Reading typos in an interview transcript can be a cringe worthy experience. It’s easy to be jarred by a random error, skip around, then give up reading.
Freelancer writers are encouraged to delegate or outsource unlikable tasks or tasks that eat up valuable billable time.
But transcribing recorded interviews is one bear of a task I can’t give up for now. This is partly because I’ve done professional transcribing, so I’m stubbornly proud and insist on tackling transcription myself.
Freelancers are encouraged to outsource tasks that eat up valuable time.
But here are more reasons freelance writers should transcribe their recorded interviews.
Do Your Interview Transcripts On Your Own
When you transcribe your own interview you:
1. Get Reacquainted with Your Subject and the Material
Lining up the notes taken during the interview (which is a must) with the verbatim audio is a good memory jogger, especially if time has passed since the date of the interview. Plus, you’ll inevitably refer back to the recording even if you hired someone.
2. Are Responsible for Your Own Mistakes
Making mistakes suck, but taking responsibility for a misplaced word or misspelled name is more suitable than realizing “My transcriptionist did it.”
Such errors imply you didn’t proof someone else’s work. Their mistakes could hit your reputation and, ultimately, your bank account.
3. Money Stays in Your Pocket
(Which is where you always want it!)
Reputable transcribers charge at least $1 per audio minute. Bootstrapping can be a good thing as a new freelance writer or money is needed towards another part of your freelancing business.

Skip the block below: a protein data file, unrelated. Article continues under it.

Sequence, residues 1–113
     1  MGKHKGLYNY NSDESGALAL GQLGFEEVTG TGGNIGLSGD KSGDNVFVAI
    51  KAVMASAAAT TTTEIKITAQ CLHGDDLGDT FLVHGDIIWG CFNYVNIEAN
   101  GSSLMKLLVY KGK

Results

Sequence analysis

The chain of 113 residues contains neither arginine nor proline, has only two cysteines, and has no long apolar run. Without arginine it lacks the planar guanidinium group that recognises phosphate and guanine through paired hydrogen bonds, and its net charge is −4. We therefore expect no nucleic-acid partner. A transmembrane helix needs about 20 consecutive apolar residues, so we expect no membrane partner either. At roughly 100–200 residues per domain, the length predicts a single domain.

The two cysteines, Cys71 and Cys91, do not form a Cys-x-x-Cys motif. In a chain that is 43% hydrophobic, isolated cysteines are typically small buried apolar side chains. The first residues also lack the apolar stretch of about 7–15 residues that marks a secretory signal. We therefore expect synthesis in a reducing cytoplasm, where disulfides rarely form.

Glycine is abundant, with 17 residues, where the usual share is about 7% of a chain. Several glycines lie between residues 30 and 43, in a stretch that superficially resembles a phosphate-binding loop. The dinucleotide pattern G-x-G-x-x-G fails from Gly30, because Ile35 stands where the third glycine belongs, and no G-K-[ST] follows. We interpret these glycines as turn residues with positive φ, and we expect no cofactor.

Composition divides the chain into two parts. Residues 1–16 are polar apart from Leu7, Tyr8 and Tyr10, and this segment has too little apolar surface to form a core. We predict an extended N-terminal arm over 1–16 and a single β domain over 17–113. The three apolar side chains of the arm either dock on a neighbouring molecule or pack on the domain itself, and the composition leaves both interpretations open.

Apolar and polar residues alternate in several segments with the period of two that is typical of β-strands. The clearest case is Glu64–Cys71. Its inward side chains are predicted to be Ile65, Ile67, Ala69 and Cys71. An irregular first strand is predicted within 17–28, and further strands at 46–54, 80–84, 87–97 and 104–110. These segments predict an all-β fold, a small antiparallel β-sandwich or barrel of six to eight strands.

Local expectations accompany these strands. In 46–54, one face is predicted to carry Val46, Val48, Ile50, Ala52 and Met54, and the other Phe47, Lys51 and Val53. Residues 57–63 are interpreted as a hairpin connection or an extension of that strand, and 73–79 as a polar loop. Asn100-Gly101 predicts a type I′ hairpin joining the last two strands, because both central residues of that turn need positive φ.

Sometimes money, accuracy and sanity play nicely with each other.
There’s a universal disdain for trudging through an interview, listening to your own voice and trying to decide whether to include every “ah,” “like” or “you know.”
Here are two free and useful tools to make this part of the job more bearable.
You’re doing an interview, deciding whether to include every “ah,” or “like.”
1. Free Conference Call.com
I’ve spent the last year trying to figure out the “catch,” but there really isn’t one. Free Conference Call operate on paid monthly call packages with more than 25 attendees. They also offer (of course!) transcription services for a fee.
The conference line is simple to use. You can toggle recordings on or off using the dialpad. The recordings are saved as .mp3 files on your account, ready to be imported.
The cons are minimal. Call quality could be improved, and the conference call-in number isn’t toll-free. That’s not an issue with cell phones, of course, but it should be ruled out when talking with someone on a landline. You never want to make a source pay to talk to you or lose cash yourself for every minute you’re on the call.
Installing apps and mods by unknown companies can be risky nowadays. There are always concerns about privacy invasion or malware. Thankfully, the oTranscribe app is safe, reliable and free.
I’ve permanently stored away the old footpedal from the transcribing days of yore and deleted suspicious or incompatible transcription programs.
oTranscribe uses keyboard shortcuts to speed up the process. You can keep your hands on the keyboard to stop/start the recording, slow down the voice speed and advance the audio forward. The file is uploaded at the top to start and stop at any place in the file.
There’s a simple, distraction free area for typing that also does time stamps and word count.
One cool feature is closing the otranscribe tab, then reopening it later. The audio file and text will be there waiting for you to start again. Even though it’s saved, the file is private.
These tools and tips won’t make transcription go away, but they are simple and can save you time and cash.
Now tell us – what interview transcribing tips do you have?